Inhabited since 782 BC (!), Yerevan is one of the oldest continuously occupied cities on earth. It is the largest and capital city of Armenia and Yerevan is a fascinating place full of parks, monuments, museums and theatres.
Mt. Ararat, nicknamed the Eternal Mountain, looms in the background of this sprawling metropolis of about 1.1 million people – a number that accounts for more than one-third of the entire countries’ population.
One of the iconic symbols of Armenia, Mt. Ararat is believed to be where Noah abandoned his famous Ark. It has an elevation of 5,134 meters and the first ascent wasn’t made until 1829. While it technically sits in Turkey (due to border re-alignment), Mt. Ararat is a symbol of Armenian identity and can be found on a number of bank notes and traditional artwork.
Averaging about 300 days of sun per year, Yerevan can get quite hot during the summer months as temperatures will climb up to 40ºC. However, it can also drop below 0 in January.
Yerevan has a fascinating history that blends many different cultures into the current day version of the city. Most recently, survivors of the Armenian genocide (I will talk about this more later..) flocked to the city after 1917 and Yerevan was named the capital shortly after. It rapidly expanded during the 20th century, under Soviet control, before the most recent period of modernization during the early 2000s.
Yerevan has one metro line running through the city, containing 10 stations in total.
Good luck trying to read the names of the stops though…..
Like I said, Yerevan has a modern feel and is full of restaurants, markets and cafés. While spread out, the city is relatively walkable if you are in decent shape. If not, the metro is convenient and cost efficient.
There is also a nice assortment of mosques and monasteries intertwined with more modern buildings, like the Yerevan Opera (below), opened in 1930.
Outside of exploring the churches, monasteries and cafés, one of the most interesting places to visit in Yerevan is the Armenian Genocide Museum.
Encompassing an area over 2000 square meters, this museum contains old photos, books and documents from the time of the genocide. There are also 52 headings which follow a chronological order, outlining the atrocities from 1915-1917.
Each station provides places and dates along with horrific stories from survivors. Visitors will come away knowing far more about the Armenian Genocide than they did before.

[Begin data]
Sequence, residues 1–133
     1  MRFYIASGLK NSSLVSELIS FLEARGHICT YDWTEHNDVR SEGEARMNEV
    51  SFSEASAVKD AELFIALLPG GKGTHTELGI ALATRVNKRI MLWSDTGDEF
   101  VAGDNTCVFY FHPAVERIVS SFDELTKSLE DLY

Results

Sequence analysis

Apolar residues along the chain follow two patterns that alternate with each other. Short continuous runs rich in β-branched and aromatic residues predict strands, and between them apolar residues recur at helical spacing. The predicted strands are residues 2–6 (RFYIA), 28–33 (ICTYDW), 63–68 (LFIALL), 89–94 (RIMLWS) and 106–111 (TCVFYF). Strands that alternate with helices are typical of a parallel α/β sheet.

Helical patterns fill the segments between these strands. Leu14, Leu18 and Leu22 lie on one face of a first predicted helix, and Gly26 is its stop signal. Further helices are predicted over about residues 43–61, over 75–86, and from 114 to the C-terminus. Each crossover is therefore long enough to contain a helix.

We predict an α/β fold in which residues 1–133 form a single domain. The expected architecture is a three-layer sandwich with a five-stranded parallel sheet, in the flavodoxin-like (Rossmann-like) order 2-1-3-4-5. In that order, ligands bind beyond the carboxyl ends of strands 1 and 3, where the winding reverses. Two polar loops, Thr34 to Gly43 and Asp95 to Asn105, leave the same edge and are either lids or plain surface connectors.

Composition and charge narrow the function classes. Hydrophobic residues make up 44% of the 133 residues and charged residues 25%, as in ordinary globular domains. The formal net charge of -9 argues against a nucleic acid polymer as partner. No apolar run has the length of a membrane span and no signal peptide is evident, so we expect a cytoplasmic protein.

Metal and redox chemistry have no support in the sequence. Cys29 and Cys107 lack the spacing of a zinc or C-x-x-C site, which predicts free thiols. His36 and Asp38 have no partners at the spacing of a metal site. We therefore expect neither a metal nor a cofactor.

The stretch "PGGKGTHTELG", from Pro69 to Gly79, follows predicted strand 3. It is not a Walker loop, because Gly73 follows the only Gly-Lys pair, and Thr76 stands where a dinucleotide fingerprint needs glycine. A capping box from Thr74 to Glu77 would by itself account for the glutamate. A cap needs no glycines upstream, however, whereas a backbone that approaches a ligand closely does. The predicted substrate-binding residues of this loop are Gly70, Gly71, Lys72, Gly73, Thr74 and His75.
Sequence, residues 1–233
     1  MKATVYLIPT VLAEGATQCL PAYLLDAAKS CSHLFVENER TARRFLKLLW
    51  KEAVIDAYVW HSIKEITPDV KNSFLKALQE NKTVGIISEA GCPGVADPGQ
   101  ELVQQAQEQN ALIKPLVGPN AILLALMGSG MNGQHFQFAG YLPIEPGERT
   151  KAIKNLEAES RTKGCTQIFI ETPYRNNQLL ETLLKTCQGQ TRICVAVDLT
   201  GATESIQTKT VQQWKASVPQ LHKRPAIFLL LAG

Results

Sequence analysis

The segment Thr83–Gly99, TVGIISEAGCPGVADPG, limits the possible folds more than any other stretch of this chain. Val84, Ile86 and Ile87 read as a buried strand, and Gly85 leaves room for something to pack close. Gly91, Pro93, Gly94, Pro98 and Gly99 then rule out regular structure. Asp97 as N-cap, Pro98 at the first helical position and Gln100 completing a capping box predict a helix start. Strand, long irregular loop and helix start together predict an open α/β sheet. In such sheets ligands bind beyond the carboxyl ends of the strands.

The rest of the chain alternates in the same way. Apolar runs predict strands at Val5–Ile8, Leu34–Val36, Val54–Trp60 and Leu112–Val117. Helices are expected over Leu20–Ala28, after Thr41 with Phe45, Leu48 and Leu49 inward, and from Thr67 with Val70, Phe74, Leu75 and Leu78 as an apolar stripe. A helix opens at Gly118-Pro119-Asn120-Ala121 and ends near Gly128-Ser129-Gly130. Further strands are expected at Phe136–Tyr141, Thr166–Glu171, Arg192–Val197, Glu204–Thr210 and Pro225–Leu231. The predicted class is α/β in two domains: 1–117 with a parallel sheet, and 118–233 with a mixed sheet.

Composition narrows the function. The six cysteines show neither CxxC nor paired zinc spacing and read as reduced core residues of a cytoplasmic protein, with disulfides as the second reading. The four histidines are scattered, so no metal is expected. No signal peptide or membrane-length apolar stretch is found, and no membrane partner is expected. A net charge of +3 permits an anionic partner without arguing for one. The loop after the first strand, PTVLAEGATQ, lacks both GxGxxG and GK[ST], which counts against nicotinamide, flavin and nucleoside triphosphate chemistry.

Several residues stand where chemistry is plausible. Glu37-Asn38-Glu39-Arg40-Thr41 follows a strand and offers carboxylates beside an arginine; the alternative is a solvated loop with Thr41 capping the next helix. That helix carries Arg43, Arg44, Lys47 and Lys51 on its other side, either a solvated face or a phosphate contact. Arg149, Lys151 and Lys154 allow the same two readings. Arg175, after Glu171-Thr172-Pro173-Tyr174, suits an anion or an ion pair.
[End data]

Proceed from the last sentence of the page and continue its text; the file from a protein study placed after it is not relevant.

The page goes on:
Stocked full of information, this museum will take visitors a few hours to explore. Exhibits are provided in Armenian, Russian, English, French and German and while donations are welcomed, the museum is free of charge. Make a point to come here!
Futhermore, the museum overlooks Yerevan, giving visitors a nice view of the surrounding landscape.
As you can see, Yerevan is an interesting city that provides visitors with a variety of sites and learning experiences. It claims to be 29 years older than Rome and Armenia is home to a 6000 year-old winery, the oldest winery in the world!
Additionally, Arminian food is delicious! Dolma, borek and khorovats need to be tried along with the famous Armenian brandy.
You will also notice a lot of Armenian art displaying pomegranates (life) and grapes (beginning), which symbolize unity and togetherness.
These, along with figs, peaches and watermelons are grown and sold in roadside stands throughout Armenia. You definitely won’t limit your fruit intake when you visit Yerevan!
Armenia is a fascinating country and your introduction will undoubtedly start in Yerevan. While the language barrier is daunting at first, many locals are happy to try out their English. Additionally, most street signs are also printed in Latin, making it easier than you’d expect to get around.
How to get here:
Yerevan is located 5-6 hours via marshrutka (small mini bus) from Tbilisi, Georgia and it is about a 5 hour drive from Tatev, Armenia in the south.
*Keep in mind*
Although Armenia borders Turkey and Azerbaijan, it is impossible to cross into these countries’ overland. You must first go to Georgia or Iran to catch a connection there.
Despite near extermination just a century ago, the citizens of Armenia remain resilient and hospitable. Tourists are greeted with a welcoming smile and the first nation to declare Christianity its official religion is definitely a spot to check out!
Shnorhakalutyun! (Thank you in Armenian)